In Focus: The ancient roman temple which lay under London, undiscovered for over 17 centuries.

The temple of Mithras has been beautifully reinstated by Museum of London Archaeology under Bloomberg and now sits under the Bloomberg SPACE headquarters by Bank tube station.

In November 2017, Bloomberg SPACE opened its new European headquarters in the heart of the City of London. Grandly but discreetly, it tucks in between two stations, Cannon St and Bank. This busy pedestrian thoroughfare is where recorded London began and the earliest major settlement in London was established by the Romans in the first century AD.

Starting out at the confluence of the River Thames and Walbrook River and extending north, clinging to the banks of the Walbrook, a lively centre of industry and commerce developed. Glass furnaces, tanneries, potteries and bone workshops bustled.

2nd Century London

Roman London in the 2nd Century, at the time when the Temple of Mithras was first built. Painted by Judith Dobie © MOLA.

Over the centuries, the river valley has relinquished many remains of Roman tools, clothing and debris, providing evidence of the ancient past and an impressive collection of these artefacts is on display at Bloomberg SPACE.

Norman Foster’s design of the new headquarters was greatly led by the rich history of its location. It is the biggest stone project in the City of London for a century, featuring 9,600 tonnes of Derbyshire sandstone and combining locally sourced natural materials.

Recommended videos for you

The entirely new building straddles the original course of the Walbrook, London’s most mysterious ‘lost river’, now completely subterranean. It also stands over one of the UK’s most significant archaeological sites – the ancient Roman place of worship and ritual, the Temple of Mithras.

The temple now lies 7 metres below street level in its original location but to the Romans it was more or less ground level. Since Londinium was founded around AD 43, centuries of redevelopment have added to the land, increasing it to the level it is today. The Walbrook River, then en plein air, was crucial to the Roman settlement as a source of water and means of transport and sluicing away of waste.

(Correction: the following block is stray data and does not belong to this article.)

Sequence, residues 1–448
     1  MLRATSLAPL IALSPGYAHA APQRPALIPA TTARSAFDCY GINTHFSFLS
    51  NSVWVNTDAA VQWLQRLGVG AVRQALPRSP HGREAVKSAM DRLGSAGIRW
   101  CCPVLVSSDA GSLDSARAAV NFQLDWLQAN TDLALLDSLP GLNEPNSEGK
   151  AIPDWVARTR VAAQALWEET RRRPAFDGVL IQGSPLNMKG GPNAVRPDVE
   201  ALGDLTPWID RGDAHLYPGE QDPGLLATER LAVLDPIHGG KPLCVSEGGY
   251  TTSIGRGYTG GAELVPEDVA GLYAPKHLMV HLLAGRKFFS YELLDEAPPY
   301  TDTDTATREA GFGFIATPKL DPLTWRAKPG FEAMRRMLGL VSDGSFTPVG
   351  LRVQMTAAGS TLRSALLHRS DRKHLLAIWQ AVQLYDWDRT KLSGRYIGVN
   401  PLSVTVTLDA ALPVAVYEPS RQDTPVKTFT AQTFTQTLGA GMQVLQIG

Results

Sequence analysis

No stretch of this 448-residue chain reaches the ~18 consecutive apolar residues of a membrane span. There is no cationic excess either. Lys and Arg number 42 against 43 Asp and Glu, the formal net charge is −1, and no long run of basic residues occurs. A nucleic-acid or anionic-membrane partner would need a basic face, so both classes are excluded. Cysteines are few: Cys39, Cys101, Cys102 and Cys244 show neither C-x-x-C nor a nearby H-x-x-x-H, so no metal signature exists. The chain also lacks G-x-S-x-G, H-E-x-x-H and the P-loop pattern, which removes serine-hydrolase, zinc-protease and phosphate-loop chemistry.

Temple of Mithras Dig

Spectators watch as the newly discovered Temple of Mithras is dug, 1954. Taken by Robert Hitchman © MOLA.

London Mithraeum, built by the Romans in c 240 – 250 AD, is central to Bloomberg’s design. The project took 10 years to complete. Archaeological work, carried out by Museum of London Archaeology under Bloomberg, reinstated the temple almost exactly to its original position under what is now Bloomberg’s headquarters, where it was first discovered in the aftermath of the London Blitz in 1954.

Assiduous deconstruction of the botched relocation 100 metres away to allow for post-war development in 1962 and the reconstruction back on site, using mostly original materials, are a far cry from the incorporated crazy paving of the 1960s!

Mithras was a Roman deity typically depicted slaying a bull in a cave. The 1954 excavations unearthed the sculpted head of Mithras now in the Museum of London but his body was never discovered. Another key sculpture from the temple depicts the tauroctony or bull slaying scene with an inscription stating that an army veteran named Ulpius Silvanus ‘fulfilled his vow’.

It is thought that it is he who may have built the temple. Mithraism was a men only club and its rituals and activities remain a ‘mystery religion’ but it is known that it was often associated with the military and many of its members were merchants and civil servants from across the Empire, so it was well placed in industrious Londinium.

1962 Temple of Mithras reconstruction at Queen Victoria Street

1962 Temple of Mithras reconstruction at Queen Victoria Street. © MOLA.

A visit to the London Mithraeum, now open to the public, is an immersive experience. A black stairway leads to the underworld. The room is dark and hazy. Light installations, in formation adhering to the positions of the missing seven columns on either side of the temple’s nave, are subtle and effective 3-dimensional devices suggesting the structure’s lost verticals.

A contemporary sound installation collages imagined sounds of the time. Voices chant in Latin and sandaled feet shuffle on the temple floor, bringing to mind the Roman sandal in the vitrine display at ground level above.

The contemporary theatrical effects, designed by New York based creatives, Local Projects, are atmospheric and striking and show a new approach to how we present archaeology. Bloomberg said ‘we wanted to use innovation to create less of a museum and more of an experience.’